Examining Committee Members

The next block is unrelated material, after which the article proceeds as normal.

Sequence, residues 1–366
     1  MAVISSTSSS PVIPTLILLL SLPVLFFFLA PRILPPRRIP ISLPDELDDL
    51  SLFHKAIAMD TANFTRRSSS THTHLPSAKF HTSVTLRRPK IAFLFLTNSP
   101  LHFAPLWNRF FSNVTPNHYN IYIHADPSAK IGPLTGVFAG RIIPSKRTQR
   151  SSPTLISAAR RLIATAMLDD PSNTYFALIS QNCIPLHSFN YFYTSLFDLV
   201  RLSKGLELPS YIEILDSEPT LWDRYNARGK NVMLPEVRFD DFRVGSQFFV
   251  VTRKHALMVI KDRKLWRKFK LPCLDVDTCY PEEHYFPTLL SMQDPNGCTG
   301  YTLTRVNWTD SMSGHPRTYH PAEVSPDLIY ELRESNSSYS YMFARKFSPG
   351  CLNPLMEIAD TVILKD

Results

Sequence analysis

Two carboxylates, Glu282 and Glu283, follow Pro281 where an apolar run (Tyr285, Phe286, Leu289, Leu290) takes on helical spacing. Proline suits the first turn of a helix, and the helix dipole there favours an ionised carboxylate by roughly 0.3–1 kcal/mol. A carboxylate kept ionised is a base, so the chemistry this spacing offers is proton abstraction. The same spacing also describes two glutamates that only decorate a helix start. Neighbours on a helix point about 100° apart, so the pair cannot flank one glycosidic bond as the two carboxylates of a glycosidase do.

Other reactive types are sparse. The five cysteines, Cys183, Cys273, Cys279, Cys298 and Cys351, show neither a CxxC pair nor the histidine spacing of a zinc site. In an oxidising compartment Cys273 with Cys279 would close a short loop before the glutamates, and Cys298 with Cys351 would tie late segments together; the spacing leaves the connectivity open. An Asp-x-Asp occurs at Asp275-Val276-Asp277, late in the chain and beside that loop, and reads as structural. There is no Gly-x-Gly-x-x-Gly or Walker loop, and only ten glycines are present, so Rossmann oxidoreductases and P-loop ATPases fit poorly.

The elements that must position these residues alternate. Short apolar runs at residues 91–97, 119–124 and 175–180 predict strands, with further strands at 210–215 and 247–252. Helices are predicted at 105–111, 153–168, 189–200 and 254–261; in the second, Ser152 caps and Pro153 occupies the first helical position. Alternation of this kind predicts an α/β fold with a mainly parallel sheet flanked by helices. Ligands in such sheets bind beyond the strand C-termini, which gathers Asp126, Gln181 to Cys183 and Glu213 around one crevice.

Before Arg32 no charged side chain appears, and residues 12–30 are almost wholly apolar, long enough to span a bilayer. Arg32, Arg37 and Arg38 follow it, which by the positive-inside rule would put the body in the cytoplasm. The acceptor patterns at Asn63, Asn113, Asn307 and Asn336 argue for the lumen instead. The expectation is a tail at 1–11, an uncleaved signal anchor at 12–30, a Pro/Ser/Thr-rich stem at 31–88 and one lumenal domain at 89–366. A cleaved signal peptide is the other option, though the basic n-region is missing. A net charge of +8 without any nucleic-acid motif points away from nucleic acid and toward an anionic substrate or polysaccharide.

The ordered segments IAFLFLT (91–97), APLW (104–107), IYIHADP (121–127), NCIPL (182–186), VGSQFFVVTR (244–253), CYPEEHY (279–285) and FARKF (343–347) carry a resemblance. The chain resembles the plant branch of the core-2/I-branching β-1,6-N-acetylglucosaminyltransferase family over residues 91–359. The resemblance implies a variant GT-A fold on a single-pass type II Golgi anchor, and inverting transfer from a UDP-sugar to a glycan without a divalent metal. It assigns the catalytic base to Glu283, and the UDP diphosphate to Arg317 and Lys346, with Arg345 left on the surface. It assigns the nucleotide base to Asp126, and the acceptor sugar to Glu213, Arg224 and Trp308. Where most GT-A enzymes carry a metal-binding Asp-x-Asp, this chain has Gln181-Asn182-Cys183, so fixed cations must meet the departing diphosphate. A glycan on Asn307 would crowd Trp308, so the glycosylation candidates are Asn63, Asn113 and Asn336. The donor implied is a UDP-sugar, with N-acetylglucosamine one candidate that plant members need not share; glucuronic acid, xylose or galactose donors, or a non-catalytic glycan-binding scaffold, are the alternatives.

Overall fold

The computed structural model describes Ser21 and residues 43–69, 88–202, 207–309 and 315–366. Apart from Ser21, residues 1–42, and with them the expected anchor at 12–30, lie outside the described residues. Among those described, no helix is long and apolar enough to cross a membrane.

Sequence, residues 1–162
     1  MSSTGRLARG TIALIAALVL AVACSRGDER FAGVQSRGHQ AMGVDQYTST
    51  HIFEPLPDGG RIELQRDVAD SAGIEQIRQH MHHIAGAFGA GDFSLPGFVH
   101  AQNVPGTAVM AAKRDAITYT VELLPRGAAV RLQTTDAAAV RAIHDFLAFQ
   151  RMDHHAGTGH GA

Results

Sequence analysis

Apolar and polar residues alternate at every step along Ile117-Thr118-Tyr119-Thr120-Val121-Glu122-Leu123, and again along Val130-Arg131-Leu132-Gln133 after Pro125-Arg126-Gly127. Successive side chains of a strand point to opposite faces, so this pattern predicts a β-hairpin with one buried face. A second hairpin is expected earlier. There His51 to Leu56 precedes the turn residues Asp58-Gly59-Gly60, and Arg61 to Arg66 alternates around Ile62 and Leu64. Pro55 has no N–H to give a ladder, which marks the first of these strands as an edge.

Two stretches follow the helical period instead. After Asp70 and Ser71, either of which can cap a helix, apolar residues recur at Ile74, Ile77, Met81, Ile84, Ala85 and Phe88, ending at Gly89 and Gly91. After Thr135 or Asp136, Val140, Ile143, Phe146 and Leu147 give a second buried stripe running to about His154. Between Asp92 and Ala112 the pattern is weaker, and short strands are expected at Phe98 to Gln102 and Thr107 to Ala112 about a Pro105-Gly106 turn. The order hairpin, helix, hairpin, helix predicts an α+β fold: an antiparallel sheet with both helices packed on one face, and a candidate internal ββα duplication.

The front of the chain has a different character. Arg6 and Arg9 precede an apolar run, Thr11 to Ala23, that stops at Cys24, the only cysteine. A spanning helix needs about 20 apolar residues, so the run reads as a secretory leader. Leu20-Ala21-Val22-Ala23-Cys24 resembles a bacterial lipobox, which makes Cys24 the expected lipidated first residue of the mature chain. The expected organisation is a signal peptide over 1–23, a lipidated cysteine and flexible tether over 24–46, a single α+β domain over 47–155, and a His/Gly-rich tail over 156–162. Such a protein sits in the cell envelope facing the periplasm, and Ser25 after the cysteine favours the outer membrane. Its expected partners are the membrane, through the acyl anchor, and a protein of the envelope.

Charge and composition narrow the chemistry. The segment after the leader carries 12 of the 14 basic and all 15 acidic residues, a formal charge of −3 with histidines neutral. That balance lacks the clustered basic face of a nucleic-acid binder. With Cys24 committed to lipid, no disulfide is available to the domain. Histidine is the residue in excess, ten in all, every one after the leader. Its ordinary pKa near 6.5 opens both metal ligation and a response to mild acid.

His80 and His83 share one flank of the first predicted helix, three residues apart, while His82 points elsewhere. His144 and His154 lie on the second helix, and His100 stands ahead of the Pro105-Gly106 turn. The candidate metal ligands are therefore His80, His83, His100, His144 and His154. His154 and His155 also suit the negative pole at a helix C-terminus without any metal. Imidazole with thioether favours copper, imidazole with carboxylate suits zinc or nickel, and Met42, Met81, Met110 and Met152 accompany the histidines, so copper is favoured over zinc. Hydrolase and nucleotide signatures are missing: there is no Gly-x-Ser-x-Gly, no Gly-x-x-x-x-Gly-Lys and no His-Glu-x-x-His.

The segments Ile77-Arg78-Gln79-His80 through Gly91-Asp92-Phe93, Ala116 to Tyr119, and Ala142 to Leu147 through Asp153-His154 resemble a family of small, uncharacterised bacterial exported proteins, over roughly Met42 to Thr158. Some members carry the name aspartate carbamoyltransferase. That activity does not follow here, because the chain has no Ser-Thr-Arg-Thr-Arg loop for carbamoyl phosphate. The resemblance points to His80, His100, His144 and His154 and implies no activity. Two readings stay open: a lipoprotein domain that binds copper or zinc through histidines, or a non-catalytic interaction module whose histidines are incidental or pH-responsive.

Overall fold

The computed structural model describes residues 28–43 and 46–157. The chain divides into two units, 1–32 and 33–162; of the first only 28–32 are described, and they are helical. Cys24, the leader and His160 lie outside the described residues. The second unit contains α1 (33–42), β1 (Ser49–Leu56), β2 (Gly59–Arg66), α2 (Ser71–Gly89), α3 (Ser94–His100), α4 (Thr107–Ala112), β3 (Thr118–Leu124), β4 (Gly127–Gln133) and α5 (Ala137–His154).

Over the past few decades, Toronto’s downtown core has experienced extreme and rapid intensification, seen through an exponential increase in both employees and residents. This growth has severely outpaced that of public space, in the form of parks, parkettes, and urban squares available to service an ever-densifying area. This thesis proposes a way to alleviate strain on the existing public spaces by identifying intermittent spaces within the urban core that, in aggregate, forms a significant area of underused land. The proposed designs demonstrate ways of realizing the potential of this land for all scales of public gathering through dynamic reinterpretation. Two main strategies are combined for a holistic design approach. First, a top-down methodology investigates and analyzes the existing urban fabric through mapping to identify existing intermittent space. A subsequent, bottom-up approach brings emphasis to the importance of user experience by documenting select spaces from a pedestrian perspective with a focus on the qualitative assets of each. The results are translated through principles of place-making theory into innovative urban design elements, presented as a kit of building components. Derived from and to be assembled according to a series of guiding principles, these designs aim to create a new social dynamic in the public sphere. The efficient but dynamic reinterpretation of each individual pocket of space will, as a collective whole, contribute a strong and effective network of public space allowing Toronto’s wealth of underused land to be accessed, enjoyed, and of support to its vibrant and ever growing population.